US President Joe Biden with UK PM Boris Johnson and German chancellor Angela Merkel Photograph:( AFP )
This first, in-depth exchange between the foreign ministers since President Biden's inauguration was characterised by a trusting and constructive atmosphere
Following first in-depth talks since President Joe Biden took office, the foreign ministers of France, Britain, Germany, and the United States on Friday said they wanted 'to revive' the transatlantic relationship.
In a statement, the German foreign ministry said, "The foreign ministers agreed that they want to revive the traditionally close transatlantic partnership and tackle global challenges together in future."
"This first, in-depth exchange between the foreign ministers since President Biden's inauguration was characterised by a trusting and constructive atmosphere."
The European foreign ministers and their new US counterpart Antony Blinken discussed the Iran nuclear deal, which has been in tatters since former President Donald Trump pulled out of the pact in 2018.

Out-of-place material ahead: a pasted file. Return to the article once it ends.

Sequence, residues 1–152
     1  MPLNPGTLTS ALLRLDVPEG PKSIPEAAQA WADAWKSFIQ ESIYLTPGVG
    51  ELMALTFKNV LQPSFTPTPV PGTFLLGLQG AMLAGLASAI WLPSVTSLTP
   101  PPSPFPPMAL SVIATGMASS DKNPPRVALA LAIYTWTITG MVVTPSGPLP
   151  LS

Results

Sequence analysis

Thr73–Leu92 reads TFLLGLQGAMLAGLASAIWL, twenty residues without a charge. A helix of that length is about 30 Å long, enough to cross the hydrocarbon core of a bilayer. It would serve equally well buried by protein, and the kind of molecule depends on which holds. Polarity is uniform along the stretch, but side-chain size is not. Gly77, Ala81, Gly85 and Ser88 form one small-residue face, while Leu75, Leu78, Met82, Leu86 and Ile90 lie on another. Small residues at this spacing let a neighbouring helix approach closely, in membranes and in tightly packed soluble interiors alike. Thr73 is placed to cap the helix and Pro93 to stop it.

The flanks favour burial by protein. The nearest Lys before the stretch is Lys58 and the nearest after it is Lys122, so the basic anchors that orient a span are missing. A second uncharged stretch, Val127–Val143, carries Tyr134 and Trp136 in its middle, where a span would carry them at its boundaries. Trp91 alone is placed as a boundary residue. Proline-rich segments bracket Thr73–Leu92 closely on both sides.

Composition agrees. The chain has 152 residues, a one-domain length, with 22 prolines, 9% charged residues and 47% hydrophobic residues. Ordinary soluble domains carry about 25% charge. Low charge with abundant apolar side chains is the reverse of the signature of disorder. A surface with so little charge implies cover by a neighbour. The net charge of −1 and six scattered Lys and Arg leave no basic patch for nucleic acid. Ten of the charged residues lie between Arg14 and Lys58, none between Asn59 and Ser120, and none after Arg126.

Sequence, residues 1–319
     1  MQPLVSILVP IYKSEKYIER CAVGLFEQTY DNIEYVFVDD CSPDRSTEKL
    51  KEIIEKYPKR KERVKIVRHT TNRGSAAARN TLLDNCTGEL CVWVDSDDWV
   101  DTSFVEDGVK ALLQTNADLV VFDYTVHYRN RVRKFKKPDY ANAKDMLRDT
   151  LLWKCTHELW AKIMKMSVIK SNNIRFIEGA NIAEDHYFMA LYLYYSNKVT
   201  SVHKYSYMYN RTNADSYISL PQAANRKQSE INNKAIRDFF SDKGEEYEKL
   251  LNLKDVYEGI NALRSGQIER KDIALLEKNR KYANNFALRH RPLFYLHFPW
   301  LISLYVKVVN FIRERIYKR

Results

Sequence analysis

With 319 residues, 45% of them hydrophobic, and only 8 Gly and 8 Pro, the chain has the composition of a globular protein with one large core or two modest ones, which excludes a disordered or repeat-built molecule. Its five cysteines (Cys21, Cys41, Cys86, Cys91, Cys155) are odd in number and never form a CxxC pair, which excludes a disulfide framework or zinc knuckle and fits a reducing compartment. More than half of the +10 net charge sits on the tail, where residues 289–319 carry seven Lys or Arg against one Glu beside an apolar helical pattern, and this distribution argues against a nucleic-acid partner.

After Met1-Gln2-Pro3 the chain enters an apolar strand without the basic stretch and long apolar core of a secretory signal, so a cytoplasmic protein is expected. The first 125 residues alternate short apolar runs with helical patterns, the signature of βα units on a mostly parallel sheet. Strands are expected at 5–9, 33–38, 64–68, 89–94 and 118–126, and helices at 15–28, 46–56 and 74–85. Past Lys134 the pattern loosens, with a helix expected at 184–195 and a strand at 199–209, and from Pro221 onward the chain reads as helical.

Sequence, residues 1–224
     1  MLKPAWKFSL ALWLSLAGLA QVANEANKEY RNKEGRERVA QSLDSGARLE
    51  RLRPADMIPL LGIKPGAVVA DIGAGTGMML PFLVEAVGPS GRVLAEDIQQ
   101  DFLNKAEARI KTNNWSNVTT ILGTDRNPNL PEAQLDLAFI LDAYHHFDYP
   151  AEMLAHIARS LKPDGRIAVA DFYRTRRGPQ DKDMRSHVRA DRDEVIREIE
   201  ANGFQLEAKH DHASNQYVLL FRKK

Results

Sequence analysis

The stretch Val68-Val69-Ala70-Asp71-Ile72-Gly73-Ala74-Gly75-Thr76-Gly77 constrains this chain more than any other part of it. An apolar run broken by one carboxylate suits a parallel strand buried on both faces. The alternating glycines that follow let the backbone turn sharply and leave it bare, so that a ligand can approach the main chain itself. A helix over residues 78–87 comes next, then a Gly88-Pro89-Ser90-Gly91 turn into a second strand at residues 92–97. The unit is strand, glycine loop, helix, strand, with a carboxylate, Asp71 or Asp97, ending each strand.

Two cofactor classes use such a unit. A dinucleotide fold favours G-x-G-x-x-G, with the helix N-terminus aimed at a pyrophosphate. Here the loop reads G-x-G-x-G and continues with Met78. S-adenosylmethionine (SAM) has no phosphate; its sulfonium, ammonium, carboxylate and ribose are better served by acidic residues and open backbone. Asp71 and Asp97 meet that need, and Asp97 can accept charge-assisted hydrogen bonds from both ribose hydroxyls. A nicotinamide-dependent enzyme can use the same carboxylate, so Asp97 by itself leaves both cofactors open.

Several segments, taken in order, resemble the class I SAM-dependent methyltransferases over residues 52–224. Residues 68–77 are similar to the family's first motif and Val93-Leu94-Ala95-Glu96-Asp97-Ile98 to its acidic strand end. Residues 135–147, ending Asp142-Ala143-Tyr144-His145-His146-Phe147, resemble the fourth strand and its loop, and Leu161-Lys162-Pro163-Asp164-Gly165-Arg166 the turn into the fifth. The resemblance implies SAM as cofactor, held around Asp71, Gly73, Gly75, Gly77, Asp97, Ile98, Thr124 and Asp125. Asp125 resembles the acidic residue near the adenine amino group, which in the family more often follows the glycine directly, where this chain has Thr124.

"The E3 and the US discussed how a united approach could address our shared concerns towards Iran," tweeted British Foreign Secretary Dominic Raab, with E3 referring to the three European signatories to the 2015 Iran deal.
French Foreign Minister Jean-Yves Le Drian on Twitter described the talks as an "important conversation on Iran" and handling nuclear and regional security challenges "together".
In a shift from Trump's go-it-alone 'America First' approach, State Department spokesman Ned Price said that Blinken 'underscored the US commitment to coordinated action to overcome global challenges’.
Blinken and his counterparts "affirmed the centrality of the transatlantic relationship in dealing with security, climate, economic, health and other challenges the world faces," Price said.